MONARCHS BUTTERFLIES ON THE HOUSE?

IF YOU WANT MONARCHS, PLANT NATIVE MILKWEEDS

Monarch butterfly and chrysalis on house

Anchored by the chrysalis from which she emerged, a female monarch butterfly clings to the side of my home during the eclosure process of metamorphasis. The chrysalis was formed by a monarch caterpillar who chose a protected spot where the foundation meets the shingles. My home is a National Wildlife Federation Certified Wildlife Habitat in North Easton, MA that has both native butterfly weed (Asclepias tuberosa) and swamp milkweed (Asclepias incarnate). Milkweeds are essential to monarchs, as female monarchs lay their eggs only on milkweed plants. If you want monarchs at your home, milkweeds are not too fussy – and you can start attracting butterflies with just a couple of plants.

Powerful pollinator magnets – design with native perennials for fall bloom

MA native bees on native asters Foxboro

Native asters and goldenrod attract native bees at Foxborough Conservation Commission’s Lane Learning Center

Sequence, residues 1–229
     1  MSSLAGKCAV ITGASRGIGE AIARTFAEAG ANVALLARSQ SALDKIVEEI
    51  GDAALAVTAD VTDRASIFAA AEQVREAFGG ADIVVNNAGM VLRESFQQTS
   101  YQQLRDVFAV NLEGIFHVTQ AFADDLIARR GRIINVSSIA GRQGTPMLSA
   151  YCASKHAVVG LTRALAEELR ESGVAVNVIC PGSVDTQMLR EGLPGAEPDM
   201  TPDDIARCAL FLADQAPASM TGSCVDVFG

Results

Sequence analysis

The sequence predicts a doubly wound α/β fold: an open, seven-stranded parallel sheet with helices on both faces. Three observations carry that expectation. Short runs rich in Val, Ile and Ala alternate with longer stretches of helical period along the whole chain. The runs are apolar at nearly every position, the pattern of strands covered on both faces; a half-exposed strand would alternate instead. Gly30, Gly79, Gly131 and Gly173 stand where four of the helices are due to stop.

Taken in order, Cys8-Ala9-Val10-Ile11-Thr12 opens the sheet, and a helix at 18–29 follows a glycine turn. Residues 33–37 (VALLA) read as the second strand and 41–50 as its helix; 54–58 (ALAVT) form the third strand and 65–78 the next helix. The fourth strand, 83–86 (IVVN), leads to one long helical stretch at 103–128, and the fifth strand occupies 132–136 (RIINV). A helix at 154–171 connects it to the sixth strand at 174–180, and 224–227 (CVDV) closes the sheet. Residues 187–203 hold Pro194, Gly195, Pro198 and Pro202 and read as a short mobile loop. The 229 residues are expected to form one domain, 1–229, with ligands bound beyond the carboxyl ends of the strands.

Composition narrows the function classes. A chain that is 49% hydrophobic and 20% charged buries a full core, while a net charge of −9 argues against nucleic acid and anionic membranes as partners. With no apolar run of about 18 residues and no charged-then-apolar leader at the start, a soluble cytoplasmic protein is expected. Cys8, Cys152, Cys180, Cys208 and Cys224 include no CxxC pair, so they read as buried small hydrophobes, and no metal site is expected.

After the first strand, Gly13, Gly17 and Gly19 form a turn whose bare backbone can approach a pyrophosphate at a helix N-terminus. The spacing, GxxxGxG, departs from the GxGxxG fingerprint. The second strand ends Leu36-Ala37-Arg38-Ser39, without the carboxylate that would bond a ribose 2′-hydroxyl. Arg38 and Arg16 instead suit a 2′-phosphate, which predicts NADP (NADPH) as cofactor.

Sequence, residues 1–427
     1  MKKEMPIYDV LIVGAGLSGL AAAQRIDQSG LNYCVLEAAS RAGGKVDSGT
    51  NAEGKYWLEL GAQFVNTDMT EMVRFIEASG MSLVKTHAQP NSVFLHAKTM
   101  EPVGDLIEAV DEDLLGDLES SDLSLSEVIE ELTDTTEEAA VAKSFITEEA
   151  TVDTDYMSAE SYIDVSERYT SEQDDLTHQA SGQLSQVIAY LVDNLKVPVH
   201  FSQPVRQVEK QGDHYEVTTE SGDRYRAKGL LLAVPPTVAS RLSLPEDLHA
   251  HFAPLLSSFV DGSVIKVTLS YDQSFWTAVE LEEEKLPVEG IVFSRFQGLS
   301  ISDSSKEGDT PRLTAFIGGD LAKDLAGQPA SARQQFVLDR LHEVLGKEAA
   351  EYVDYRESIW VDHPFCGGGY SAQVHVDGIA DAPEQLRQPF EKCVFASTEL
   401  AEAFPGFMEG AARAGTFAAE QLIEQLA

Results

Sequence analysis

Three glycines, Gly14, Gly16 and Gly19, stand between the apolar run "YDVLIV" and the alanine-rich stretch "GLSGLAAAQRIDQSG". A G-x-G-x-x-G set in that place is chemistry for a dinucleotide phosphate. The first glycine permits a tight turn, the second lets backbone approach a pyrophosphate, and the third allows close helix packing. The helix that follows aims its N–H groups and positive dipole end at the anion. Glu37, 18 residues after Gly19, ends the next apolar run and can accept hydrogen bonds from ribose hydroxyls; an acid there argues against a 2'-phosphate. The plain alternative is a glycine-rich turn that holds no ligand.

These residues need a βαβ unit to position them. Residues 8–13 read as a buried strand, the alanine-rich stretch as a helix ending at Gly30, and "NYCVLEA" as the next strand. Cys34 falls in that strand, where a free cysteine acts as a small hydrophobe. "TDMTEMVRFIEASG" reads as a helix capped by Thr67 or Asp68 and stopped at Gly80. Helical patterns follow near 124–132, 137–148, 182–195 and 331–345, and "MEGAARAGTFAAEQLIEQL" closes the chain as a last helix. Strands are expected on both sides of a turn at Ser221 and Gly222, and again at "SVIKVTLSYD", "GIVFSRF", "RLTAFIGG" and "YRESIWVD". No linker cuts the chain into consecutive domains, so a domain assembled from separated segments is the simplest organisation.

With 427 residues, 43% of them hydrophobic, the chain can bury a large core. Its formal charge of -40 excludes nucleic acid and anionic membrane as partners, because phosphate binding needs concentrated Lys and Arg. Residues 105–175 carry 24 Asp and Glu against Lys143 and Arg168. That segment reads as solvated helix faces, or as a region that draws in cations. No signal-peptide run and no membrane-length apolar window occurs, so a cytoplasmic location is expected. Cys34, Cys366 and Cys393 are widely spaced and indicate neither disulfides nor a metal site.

Plant Goldenrods and Asters to Support Pollinators in Late Summer

According to the National Wildlife Federation, native asters like New England (Aster novae-angliae), New York (Symphyotrichum novi-belgii), smooth (Aster laevis), white wood (Aster divaricatus) and other woodland asters support the entire life cycles of over 110 species of butterflies and moths, so it you want a pollinator garden, these are must-haves. And the good news is that it’s ragweed rather then goldenrod that causes so many allergies in late summer, so plant away!

Goldenrods such as zig-zag (Solidago flexicaulis), showy (Solidago speciosa), seaside (Solidago sempervirens), and anise-scented (Solidago odora) species are the top champions of supporting the entire life cycles of butterflies and moths in New England, supporting 110 species in eastern MA.

More good news is that there are asters and goldenrods that do well in shady and dry conditions, so don’t worry if you’ve not much sun – so get out there and help pollinators by planting the plants they depend upon for their very existence.

What plants are best for native bees?

Obviously they like goldenrods and asters as pictured above, but even better are native roses, like Carolina (Rosa caroliniana), Virginia (Rosa virginiana), swamp rose (Rosa palustris) and shining (Rosa nitida), plus flowering raspberry (Rubus odorous). As always, before purchasing plants, know your site’s cultural conditions – like sun/shade, soil texture and drainage – and select the best species for your conditions so your investment has the best chance of thriving.